Consequence etiology and biological teleology in Aristotle and Darwin

Aristotle’s biological teleology is rooted in an epigenetic account of reproduction. As such, it is best interpreted by consequence etiology. I support this claim by citing the capacity of consequence etiology’s key distinctions to explain Aristotle’s opposition to Empedocles. There are implications for the relation between ancient and modern biology. The analysis reveals that in an important respect Darwin’s account of adaptation is closer to Aristotle’s than to Empedocles’s. They both rely on consequence etiological considerations to evade attributing the purposiveness of organisms to chance. Two implications follow: Darwinian explanations of adaptation are as teleological as Aristotle’s, albeit differently; and these differences show how deeply resistant Aristotle’s version of biological teleology is to descent from a common ancestor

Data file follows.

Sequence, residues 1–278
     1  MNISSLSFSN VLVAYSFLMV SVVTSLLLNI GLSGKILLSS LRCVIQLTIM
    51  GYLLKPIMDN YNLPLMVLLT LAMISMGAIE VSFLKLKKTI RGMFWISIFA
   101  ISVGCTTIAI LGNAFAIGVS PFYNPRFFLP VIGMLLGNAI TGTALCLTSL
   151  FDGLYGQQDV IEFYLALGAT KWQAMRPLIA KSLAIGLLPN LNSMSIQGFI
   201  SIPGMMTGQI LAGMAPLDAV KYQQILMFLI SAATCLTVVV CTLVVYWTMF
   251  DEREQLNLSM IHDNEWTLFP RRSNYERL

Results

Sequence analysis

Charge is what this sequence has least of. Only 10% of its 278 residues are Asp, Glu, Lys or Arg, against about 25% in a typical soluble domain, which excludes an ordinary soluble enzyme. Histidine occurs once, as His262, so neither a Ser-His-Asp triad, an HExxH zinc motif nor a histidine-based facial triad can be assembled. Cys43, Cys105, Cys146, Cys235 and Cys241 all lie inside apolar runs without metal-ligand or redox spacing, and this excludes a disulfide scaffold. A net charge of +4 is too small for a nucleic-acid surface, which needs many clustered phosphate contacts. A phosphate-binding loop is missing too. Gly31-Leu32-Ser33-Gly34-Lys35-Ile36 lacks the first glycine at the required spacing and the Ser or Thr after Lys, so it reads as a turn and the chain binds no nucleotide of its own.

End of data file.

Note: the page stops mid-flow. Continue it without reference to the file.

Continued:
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DOI 10.1016/j.shpsc.2008.09.001
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References found in this work BETA
Robert C. Cummins (1975). Functional Analysis. Journal of Philosophy 72 (November):741-64.
James G. Lennox (1993). Darwin Was a Teleologist. Biology and Philosophy 8 (4):409-421.
John M. Cooper (1982). Aristotle on Natural Teleology. In M. Schofield & M. C. Nussbaum (eds.), Language and Logos. Cambridge University Press. pp. 197--222.

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